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PreviousPrevious Item Description Next Next
African Methodist Episcopal Church Review, Vol. 6, Num. 3
			
368                   CHURCH REVIEW.

press, potent for good or evil, had turned its batteries against
us, and those who dared to stand firm for the right were de-
nounced as "Machine politicians." The effect upon some mem-
bers of the Senate was so marked that when I was called to be
sworn in, my colleague, Mr. Alcorn, a man who owed his seat
in the Senate largely to my efforts, took refuge behind a news-
paper, to avoid extending to me the courtesy usual upon such
occasions. It was at this point that the grasp of your hand-
the first token of friendship that I had received--and your warm
words of welcome made me feel and know that in that august
body I had a friend. No one who has not undergone a similar
ordeal can understand and appreciate my feelings on that oc-
casion.
  Since then I have learned to know you, not only as the fore-
most man in American politics, but as the most practical, saga,
cious, truest friend of those who lately wore chains.
  Mrs. Bruce and I, in giving our firstborn, a boy, your name,
have entertained but one fear--that he may fall short of honor-
ing the great name he bears. We are made happy by the evi-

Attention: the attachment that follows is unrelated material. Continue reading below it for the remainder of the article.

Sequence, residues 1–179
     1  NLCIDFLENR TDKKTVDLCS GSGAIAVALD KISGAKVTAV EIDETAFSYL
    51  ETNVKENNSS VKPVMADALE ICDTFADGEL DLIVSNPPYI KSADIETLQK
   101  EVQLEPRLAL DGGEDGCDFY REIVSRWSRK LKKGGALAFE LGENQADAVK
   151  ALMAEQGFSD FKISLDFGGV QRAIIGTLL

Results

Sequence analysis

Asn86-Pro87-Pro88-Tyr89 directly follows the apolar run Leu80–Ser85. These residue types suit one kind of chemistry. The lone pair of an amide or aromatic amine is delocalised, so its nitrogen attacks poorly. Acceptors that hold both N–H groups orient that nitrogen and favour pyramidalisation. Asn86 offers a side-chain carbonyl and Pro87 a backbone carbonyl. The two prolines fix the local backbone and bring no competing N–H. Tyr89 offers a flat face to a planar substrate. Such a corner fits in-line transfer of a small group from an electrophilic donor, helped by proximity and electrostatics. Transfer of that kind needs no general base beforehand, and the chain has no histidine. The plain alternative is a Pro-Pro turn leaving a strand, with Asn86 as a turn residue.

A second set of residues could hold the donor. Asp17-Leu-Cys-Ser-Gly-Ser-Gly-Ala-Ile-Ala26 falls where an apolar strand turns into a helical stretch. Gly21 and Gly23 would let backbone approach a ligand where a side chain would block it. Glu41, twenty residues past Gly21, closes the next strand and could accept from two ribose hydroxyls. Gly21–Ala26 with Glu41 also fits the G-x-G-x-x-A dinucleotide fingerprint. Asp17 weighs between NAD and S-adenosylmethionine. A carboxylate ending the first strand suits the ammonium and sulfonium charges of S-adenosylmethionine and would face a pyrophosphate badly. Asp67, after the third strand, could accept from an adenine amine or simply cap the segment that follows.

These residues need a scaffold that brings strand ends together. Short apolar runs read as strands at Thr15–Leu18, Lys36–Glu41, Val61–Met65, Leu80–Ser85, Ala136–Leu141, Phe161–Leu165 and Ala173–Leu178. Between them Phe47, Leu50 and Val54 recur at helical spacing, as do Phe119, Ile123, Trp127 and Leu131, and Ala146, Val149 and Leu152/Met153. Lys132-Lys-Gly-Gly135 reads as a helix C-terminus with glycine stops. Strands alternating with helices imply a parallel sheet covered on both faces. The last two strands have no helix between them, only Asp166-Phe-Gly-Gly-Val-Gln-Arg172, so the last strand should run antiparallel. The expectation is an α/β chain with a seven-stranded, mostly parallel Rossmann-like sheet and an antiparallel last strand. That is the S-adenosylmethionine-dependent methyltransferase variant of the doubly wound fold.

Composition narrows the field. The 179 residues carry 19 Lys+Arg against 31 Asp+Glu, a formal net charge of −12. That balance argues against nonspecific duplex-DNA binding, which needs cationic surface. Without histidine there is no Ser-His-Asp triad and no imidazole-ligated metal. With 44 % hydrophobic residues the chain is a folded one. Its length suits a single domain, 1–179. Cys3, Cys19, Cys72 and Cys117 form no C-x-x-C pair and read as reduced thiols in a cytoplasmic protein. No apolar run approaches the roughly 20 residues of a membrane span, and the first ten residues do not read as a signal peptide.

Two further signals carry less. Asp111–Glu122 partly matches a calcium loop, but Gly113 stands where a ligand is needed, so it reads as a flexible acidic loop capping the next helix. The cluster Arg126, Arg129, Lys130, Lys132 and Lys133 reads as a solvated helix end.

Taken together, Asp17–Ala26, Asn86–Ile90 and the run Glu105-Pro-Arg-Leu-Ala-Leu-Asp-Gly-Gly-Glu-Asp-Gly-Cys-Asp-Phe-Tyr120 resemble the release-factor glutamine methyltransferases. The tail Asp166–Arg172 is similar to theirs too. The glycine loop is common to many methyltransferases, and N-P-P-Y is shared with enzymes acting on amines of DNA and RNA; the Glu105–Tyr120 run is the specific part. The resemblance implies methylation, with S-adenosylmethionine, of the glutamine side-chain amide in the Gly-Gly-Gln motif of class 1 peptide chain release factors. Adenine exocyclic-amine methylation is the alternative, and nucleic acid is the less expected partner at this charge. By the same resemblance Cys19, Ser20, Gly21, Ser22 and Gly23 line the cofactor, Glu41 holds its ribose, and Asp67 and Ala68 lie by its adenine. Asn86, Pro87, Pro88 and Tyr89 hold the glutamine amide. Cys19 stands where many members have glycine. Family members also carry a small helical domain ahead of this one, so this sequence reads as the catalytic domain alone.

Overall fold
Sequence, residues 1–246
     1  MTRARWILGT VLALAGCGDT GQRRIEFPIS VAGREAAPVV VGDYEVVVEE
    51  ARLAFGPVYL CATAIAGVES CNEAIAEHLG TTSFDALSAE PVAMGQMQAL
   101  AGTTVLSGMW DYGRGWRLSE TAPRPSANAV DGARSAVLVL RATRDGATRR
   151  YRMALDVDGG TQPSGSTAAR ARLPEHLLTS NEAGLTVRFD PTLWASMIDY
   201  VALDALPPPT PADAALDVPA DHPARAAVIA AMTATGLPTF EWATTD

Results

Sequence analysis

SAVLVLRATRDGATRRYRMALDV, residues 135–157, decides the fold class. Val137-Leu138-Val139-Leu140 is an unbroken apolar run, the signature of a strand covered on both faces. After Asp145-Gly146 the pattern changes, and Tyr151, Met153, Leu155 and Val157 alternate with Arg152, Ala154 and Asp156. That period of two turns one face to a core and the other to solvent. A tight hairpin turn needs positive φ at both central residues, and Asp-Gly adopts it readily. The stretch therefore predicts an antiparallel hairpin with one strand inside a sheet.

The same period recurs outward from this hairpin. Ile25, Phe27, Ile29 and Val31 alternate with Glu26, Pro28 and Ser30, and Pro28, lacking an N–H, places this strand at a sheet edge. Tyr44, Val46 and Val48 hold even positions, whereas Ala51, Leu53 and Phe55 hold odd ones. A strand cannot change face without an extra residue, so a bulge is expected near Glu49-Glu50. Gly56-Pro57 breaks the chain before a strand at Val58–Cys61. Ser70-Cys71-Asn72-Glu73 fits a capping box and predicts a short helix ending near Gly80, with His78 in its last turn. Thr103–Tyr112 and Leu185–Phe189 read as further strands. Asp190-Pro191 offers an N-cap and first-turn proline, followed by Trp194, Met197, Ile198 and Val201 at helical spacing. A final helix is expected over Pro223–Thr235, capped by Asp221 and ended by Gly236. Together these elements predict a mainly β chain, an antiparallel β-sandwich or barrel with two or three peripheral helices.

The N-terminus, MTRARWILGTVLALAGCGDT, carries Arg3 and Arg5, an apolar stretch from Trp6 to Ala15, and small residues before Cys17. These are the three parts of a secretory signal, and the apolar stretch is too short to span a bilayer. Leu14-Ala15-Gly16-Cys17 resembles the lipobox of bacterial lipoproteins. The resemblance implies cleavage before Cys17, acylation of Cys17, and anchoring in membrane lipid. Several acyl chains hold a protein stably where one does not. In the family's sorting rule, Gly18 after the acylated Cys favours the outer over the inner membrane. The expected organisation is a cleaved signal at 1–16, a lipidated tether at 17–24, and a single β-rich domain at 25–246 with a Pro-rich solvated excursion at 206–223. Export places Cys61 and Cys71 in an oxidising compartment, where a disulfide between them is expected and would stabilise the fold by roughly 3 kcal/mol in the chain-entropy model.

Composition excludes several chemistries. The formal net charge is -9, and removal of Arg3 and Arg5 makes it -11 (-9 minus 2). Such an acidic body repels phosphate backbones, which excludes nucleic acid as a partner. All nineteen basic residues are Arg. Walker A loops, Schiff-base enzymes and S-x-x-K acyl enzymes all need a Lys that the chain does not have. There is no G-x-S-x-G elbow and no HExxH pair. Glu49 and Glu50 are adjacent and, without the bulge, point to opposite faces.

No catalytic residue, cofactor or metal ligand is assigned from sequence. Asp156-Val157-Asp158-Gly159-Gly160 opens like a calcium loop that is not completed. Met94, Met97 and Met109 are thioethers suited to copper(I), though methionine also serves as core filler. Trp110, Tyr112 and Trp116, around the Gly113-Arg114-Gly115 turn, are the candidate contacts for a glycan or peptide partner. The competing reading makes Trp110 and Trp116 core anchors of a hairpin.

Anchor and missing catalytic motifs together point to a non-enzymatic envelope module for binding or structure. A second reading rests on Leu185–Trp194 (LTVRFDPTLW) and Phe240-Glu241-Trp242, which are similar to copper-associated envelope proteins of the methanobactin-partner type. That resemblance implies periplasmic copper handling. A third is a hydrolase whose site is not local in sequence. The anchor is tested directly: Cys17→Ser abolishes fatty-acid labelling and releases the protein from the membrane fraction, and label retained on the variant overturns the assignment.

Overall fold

dence of your consent and your pleasure in our choice, by the
reception of your beautiful and valued gift as a token of it.
On behalf of the baby and Mrs. Bruce, I here wish to convey to
you, as far as these means permit, our gratitude and thanks.
Absence from home has prevented an earlier acknowledgment
                                I am, very truly yours,
                                              B. K. BRUCE
     Hon. Roscoe Conkling,
          Utica, N.Y.

          ARNETT GOVERNOR FOR AN HOUR.

  During the session of the General Assembly of 1886, the citi-
zens of Delaware, Ofio, invited the Governor, Lieutenant-Gov-
ernor, State officers and a number of the members of the As-
sembly to celebrate Lincoln's birthday, February 12th. A spe-
cial car was provided for the invited guests, but Gov. Foraker
took sick the day of the celebration, and was unable to go. The
rest of the company went, but the question was, "Who will de-
liver the speech of the Governor at the reception at the Opera
House?"  Prof. Nelson, of Wesleyan University, chairman of
the committee, informed Dr. Arnett, between Columbus and
Delaware, that it was the unanimous wish of the party that he
take the Governor's place at the Opera House. He accepted,
and delivered the speech, and the following poem was written
 to commemorate that event:
                         BY J. S. ELLIS.
      'Twas early in the spring of eighty-six,
      A time of a calm in politics.
      No heated campaigns to degrade or allure,
      And every Statesman in his seat secure.




			
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OHS/National Afro-American Museum & Cultural Center Serial Collection

African Methodist Episcopal Church Review, Vol. 6, Num. 3

Volume:  06
Issue Number:  03
Date:  01/1890


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